Khalilah Robinson Johnson ’16 (PhD)

Khalilah Robinson Johnson ’16 (PhD)

2022 McClinton Outstanding Faculty Staff Award

Dr. Khalilah R. Johnson ’16 has been told Black scholars don’t “meet the mark” with respect to competitive funding and that concerns of disabled people aren’t important to research.

She’s worked in settings where she was the lone Black practitioner and had difficulty accessing Black patients.

Undaunted, Johnson was the first Black graduate of UNC’s Doctor of Philosophy in Occupational Science program. Colleagues say her advocacy and visibility at UNC have are already ensured she won’t be the last.

Dr. Jenny Womack, associate chair for Faculty Affairs in the department of allied health sciences in the School of Medicine, supported Johnson’s nomination for the Hortense K. McClinton Faculty/Staff Award. Womack said there are three ways Johnson demonstrates stellar leadership within the University community and her profession.

She spearheads critical consideration of racism within occupational therapy; pushes boundaries in her scholarship from a generic examination of the treatment of minoritized adults with intellectual and developmental disabilities to a consideration of how institutional racism perpetuates inequalities in access to and experiences with health and human service provision; and serves as a campus leader and role model for students.

“I cannot overstate the contributions Dr. Jonson has made to confronting issues of racism within our profession and our work unit at Carolina,” wrote Womack, a professor in the division of occupational science and occupational therapy. “I have no doubt she will continue to advance this work throughout her career.”

Patricia Harris, senior director of education, operations and initiatives in the Office of Diversity and Inclusion, said Johnson is sought out as a mentor by graduate and professional students of color across multiple campus divisions and is a peer mentor to other minoritized female faculty members, specifically those who are Black, Latinx and Asian. She added Johnson is regularly asked to keynote occupational therapy academic programs or serve on panels about diversity in education.

“I had the pleasure of meeting and getting to know Dr. Johnson during my tenure as vice chair of the UNC Black Caucus, and I know her to be an incomparable activist scholar whose work in her department, the UNC School of Medicine and the Carolina community contributes invaluable knowledge and leadership at the intersections of health equity, community engagement, social and disability justice and antiracism,” Harris said.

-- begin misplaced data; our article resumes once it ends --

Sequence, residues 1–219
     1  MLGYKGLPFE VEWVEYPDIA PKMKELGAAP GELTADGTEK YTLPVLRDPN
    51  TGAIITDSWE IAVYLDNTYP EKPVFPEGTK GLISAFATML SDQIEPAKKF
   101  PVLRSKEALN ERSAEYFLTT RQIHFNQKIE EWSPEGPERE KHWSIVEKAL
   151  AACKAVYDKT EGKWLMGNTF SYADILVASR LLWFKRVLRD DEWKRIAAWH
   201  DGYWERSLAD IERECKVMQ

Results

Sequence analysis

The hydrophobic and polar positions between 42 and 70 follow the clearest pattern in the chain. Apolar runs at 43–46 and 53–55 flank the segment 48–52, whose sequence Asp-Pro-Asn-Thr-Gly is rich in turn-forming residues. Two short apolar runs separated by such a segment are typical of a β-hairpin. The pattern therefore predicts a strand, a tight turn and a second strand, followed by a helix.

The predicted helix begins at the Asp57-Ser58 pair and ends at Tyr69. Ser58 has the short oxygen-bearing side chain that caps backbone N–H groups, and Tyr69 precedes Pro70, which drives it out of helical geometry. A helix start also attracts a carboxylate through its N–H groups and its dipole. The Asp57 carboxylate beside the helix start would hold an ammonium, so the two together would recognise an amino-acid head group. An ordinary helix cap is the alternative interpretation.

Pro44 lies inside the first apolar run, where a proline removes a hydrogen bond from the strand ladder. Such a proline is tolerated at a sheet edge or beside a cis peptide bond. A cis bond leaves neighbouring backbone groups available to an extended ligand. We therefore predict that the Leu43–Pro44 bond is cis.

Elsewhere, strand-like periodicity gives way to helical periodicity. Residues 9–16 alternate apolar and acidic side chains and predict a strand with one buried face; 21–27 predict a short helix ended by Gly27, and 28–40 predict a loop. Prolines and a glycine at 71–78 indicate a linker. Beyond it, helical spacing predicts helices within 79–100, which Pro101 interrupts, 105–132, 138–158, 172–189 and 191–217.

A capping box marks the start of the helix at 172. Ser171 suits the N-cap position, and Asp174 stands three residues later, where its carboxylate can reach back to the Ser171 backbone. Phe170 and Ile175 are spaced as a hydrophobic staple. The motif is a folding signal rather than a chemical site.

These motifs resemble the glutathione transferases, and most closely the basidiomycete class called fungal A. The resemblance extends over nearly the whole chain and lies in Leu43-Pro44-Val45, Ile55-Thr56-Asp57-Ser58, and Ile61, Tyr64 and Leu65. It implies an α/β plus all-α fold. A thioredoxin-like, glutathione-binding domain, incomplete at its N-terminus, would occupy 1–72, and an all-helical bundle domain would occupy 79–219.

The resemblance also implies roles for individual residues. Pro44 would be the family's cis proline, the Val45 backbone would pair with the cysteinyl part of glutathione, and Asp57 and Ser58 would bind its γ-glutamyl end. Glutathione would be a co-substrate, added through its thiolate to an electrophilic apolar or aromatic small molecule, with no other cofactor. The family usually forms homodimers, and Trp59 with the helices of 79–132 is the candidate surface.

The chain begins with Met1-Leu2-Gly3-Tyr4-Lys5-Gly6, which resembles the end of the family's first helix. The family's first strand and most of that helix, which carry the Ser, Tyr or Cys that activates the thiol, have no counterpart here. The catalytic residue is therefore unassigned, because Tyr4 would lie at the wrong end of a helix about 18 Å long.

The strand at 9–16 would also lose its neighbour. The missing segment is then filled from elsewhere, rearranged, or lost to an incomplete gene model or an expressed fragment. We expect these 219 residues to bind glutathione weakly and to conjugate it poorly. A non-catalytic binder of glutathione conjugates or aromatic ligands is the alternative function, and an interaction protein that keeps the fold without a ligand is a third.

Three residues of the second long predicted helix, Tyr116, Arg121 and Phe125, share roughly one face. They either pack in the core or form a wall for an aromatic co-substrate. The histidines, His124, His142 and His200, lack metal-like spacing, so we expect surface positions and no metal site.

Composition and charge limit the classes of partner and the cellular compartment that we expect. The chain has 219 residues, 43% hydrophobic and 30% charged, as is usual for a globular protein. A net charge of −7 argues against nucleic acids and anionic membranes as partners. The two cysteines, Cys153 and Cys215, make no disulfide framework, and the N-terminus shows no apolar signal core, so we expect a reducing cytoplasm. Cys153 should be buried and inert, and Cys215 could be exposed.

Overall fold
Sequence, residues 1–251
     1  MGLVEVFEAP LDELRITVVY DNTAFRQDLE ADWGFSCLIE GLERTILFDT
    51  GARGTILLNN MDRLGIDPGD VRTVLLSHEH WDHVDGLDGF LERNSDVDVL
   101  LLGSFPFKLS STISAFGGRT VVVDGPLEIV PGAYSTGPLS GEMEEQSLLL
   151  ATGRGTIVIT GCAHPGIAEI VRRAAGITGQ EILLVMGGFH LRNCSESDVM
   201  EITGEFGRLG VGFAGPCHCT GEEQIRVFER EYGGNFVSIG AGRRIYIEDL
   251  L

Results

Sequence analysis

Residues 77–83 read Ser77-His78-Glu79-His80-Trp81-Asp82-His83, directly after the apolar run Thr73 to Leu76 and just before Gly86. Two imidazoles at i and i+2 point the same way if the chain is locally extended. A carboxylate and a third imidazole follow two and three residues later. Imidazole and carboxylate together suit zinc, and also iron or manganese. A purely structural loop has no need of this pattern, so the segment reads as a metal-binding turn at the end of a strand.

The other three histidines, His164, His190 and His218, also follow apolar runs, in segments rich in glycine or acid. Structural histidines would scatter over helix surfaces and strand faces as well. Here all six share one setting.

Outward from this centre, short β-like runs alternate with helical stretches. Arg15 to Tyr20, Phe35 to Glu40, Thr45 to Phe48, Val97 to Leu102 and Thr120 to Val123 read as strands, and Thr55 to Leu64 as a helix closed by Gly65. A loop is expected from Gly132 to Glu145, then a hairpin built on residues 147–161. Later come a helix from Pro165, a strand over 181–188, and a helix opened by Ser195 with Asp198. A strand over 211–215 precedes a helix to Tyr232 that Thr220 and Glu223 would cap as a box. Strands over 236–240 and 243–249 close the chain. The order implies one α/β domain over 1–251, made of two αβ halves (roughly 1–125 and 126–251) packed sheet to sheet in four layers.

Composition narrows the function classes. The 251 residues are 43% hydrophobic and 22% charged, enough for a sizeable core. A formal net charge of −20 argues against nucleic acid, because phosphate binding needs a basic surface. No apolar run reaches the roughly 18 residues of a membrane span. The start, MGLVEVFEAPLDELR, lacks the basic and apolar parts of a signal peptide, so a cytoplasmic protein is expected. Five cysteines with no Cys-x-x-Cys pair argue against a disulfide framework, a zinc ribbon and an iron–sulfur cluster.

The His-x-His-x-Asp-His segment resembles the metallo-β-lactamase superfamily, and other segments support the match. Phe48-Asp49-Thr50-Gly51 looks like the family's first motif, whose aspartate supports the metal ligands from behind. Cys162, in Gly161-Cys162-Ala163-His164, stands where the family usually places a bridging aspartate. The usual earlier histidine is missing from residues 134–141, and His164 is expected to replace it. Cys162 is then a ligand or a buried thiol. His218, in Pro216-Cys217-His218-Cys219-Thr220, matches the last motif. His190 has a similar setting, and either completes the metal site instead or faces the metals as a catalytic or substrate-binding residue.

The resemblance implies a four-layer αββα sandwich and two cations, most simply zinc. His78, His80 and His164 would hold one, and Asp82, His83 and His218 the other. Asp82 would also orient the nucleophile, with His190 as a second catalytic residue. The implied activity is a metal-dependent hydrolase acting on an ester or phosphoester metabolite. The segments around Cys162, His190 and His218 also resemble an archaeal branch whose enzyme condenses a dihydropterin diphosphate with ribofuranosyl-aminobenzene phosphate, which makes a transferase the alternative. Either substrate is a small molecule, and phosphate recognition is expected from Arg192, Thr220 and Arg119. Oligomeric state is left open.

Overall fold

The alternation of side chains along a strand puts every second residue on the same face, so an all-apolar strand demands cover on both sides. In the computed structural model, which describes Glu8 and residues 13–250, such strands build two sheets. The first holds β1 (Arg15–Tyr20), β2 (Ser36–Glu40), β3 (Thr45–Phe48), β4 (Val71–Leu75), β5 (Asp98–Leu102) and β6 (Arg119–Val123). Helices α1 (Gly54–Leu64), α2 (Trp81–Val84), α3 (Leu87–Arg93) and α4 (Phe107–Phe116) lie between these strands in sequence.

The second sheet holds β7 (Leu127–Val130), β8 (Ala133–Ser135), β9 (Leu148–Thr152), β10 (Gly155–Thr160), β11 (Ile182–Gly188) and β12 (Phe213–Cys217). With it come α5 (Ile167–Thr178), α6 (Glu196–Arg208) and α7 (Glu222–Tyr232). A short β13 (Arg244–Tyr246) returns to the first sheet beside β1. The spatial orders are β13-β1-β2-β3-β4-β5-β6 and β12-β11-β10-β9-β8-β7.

Johnson said she’s committed to normalizing Blackness and is passionate about elevating and taking up space for UNC’s Black faculty, staff and students, as well as Black occupational therapy practitioners and the disability community.

Because of some of her various roles, including vice chair of the UNC Black Caucus, membership on the department of allied health sciences’ Justice, Equity, Diversity and Inclusion Committee, appointments to editorial boards of premier occupational science and occupational therapy organizations, as well as her scholarly publications, Johnson has been recognized by the American Occupational Therapy Association, the Robert Wood Johnson Foundation and UNC’s Office of the Provost.

She’s co-investigator of a study exploring pathways to occupational therapy education for Black women, chair of membership for the Society for the Study of Occupation and a member of the Diversity, Equity and Inclusion committee for the North Carolina Occupational Therapy Association. Yet she’s most proud of her work with Black students and members of the disabled Black community.

“The weight of this responsibility is immense and one in which I take careful and critical pride,” Johnson said. “My role as a Black academician and occupational therapy practitioner is not only a professional commitment in and outside the classroom; it’s personal. More than the accolades, it’s about developing and supporting the next generation of great Carolina change makers.”

Johnson, who with her partner, C. Julian Johnson, has a daughter named Nova, said she was surprised and “incredibly humbled” to receive the Hortense K. McClinton Faculty/Staff Award.

“As an alumna of this institution and an educator with only a few years under my belt, this award is affirming of my intentions to be the educator and mentor students need and deserve,” Johnson said. “Only five percent of occupational therapy practitioners in the U.S. identify as Black, and even fewer are occupational scientists. I want our students to see it’s possible to be in these spaces and thrive. That is how I honor Mrs. McClinton.”